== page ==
Familias Unidas for high risk adolescents: Study design of a cultural adaptation and randomized controlled trial of a U.S. drug and sexual risk behavior intervention in Ecuador

Petra Jacobs, Yannine A. Estrada, Maria I. Tapia, Ana M. Quevedo Terán, Cecilia Condo Tamayo, Mónica Albán García, Gilda M. Valenzuela Triviño, Hilda Pantin, Maria R. Velazquez, Viviana Horigian, Elizabeth Alonso, Guillermo J Prado

Research output: Contribution to journalArticle

4 Scopus citations


Background: Developing, testing and implementing evidence-based prevention interventions are important in decreasing substance use and sexual risk behavior among adolescents. This process requires research expertise, infrastructure, resources and decades of research testing, which might not always be feasible for low resource countries. Adapting and testing interventions proven to be efficacious in similar cultures might circumvent the time and costs of implementing evidence-based interventions in new settings. This paper describes the two-phase study, including training and development of the research infrastructure in the Ecuadorian university necessary to implement a randomized controlled trial. Methods/design: Familias Unidas is a multilevel parent-centered intervention designed in the U.S. to prevent drug use and sexual risk behaviors in Hispanic adolescents. The current study consisted of Phase 1 feasibility study (n = 38) which adapted the intervention and study procedures within a single-site school setting in an area with a high prevalence of drug use and unprotected sexual behavior among adolescents in Ecuador, and Phase 2 randomized controlled trial of the adapted intervention in two public high schools with a target population of families with adolescents from 12 to 14 years old. Discussion: The trial is currently in Phase 2. Study recruitment was completed with 239 parent-youth dyads enrolling. The intervention phase and the first follow-up assessment have been completed. The second and third follow-up assessments will be completed in 2016. This project has the potential of benefitting a large population of families in areas of Ecuador that are disproportionally affected by drug trafficking and its consequences. Trial registration: MSP-DIS-2015-0055-0, Ministry of Public Health (MSP), Quito, Ecuador.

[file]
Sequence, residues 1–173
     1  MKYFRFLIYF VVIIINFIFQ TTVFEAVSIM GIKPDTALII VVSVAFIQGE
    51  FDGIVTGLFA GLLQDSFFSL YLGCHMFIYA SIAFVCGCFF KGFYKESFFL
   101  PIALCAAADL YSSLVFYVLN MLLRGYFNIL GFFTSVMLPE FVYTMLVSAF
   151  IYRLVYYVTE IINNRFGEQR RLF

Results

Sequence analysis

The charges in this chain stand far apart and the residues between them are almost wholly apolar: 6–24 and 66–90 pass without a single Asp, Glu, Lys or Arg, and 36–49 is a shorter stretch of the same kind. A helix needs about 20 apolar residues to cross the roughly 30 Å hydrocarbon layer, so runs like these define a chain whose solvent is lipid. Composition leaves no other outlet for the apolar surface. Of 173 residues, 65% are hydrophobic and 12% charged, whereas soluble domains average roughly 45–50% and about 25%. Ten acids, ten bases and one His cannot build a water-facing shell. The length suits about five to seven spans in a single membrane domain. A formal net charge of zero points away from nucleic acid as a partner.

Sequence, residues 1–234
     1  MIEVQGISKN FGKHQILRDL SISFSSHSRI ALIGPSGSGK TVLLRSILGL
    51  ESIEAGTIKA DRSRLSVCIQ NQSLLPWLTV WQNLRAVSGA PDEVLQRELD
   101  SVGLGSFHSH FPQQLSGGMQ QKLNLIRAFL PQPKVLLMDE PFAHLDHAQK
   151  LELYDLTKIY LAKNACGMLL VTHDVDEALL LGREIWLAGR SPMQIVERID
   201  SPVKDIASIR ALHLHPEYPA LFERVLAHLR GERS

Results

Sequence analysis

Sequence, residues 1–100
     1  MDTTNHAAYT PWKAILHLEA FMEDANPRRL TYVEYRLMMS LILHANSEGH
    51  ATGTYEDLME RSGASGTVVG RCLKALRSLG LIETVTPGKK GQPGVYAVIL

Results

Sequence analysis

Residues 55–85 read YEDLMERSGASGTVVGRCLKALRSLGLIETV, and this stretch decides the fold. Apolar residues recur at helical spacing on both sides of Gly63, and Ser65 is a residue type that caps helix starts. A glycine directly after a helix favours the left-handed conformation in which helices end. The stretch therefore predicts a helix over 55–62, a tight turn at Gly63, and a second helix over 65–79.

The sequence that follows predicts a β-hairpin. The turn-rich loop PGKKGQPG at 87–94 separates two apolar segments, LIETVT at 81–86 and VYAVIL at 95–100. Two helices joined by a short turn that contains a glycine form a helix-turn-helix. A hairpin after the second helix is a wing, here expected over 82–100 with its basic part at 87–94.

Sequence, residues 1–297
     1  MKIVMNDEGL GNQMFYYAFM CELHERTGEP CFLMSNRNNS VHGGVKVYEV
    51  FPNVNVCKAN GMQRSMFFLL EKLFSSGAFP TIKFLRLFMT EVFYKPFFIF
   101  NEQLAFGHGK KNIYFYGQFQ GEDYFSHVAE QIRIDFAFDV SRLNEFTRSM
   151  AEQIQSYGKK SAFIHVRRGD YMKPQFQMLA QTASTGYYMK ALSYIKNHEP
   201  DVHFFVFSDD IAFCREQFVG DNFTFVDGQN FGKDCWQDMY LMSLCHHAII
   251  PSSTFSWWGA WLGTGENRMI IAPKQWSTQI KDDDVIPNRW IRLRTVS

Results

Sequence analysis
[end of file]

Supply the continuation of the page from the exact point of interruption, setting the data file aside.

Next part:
Original languageEnglish (US)
Pages (from-to)244-253
Number of pages10
JournalContemporary Clinical Trials
StatePublished - Mar 1 2016



  • Cultural adaptation
  • Drugs
  • Family-based intervention
  • Hispanic adolescents
  • Randomized trial
  • Unprotected sexual behavior

ASJC Scopus subject areas

  • Pharmacology (medical)
  • Medicine(all)

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